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#MeToo Reaches a Major Milestone As Congress Approves Sexual Harassment Lawsuit Bill

#MeToo Reaches a Major Milestone As Congress Approves Sexual Harassment Lawsuit Bill

Congress on Thursday gave final approval to legislation guaranteeing that people who experience sexual harassment at work can seek recourse in the courts, a milestone for the #MeToo movement that prompted a national reckoning on the way sexual misconduct claims are handled. The legislation had such uncommonly broad and bipartisan support in a divided Congress that the bill was passed in the Senate by unanimous consent, a procedure almost never used for significant legislation, especially one affecting tens of millions of Americans. The House passed the bill this week with a heavily bipartisan vote of 335- 97.

Spearheaded by Tarana Burke, a prominent Black educator and activist, the #MeToo movement became a global social media cause with hundreds of thousands of women, from high-profile celebrities to anonymous users sharing their stories of sexual assault.

The measure, which is expected to be signed by President Joe Biden, bars employment contracts from forcing people to settle sexual assault or harassment cases through arbitration rather than in court, a process that often benefits employers and keeps misconduct allegations from becoming public. Most significantly, the bill is retroactive, nullifying that language in contracts nationwide and opening the door for people who had been bound by it to take legal action.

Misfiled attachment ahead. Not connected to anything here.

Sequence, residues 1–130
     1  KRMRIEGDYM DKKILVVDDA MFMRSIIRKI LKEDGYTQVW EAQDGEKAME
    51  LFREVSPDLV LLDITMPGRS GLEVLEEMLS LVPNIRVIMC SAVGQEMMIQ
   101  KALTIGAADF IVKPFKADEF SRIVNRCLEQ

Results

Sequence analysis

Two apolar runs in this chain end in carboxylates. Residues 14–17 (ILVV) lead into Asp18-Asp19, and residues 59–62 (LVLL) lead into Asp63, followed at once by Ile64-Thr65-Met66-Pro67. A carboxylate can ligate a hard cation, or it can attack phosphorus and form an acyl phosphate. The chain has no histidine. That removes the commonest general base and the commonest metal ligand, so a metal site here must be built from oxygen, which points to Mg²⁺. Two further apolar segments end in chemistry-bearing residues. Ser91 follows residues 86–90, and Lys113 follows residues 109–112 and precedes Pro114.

Sen. Kirsten Gillibrand (D-NY), who has been the driving force behind the legislation, called it “one of the most significant workplace reforms in American history.”


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An estimated 60 million American workers have clauses buried deeply within their employment contracts forcing them to settle any allegations of sexual misconduct in private arbitration proceedings, rather than in court. The widespread practice has come under fire in the wake of the #MeToo movement for forcing employees to seek recourse without a jury, a chance to appeal a decision, or the sunlight of a public court process. In a sign of the power of the #MeToo movement and wide-ranging support behind the change, the legislation’s co-sponsors included senators who are ideologically polar opposites, such as New Jersey Democrat Cory Booker and Missouri Republican Josh Hawley.

“If you could ever say any legislation was long overdue, this is it,” said Senate Majority Leader Chuck Schumer, (D-NY). He called it “almost medieval” to force victims of harassment and assault “to shut up, not tell anyone about it and not seek justice.”


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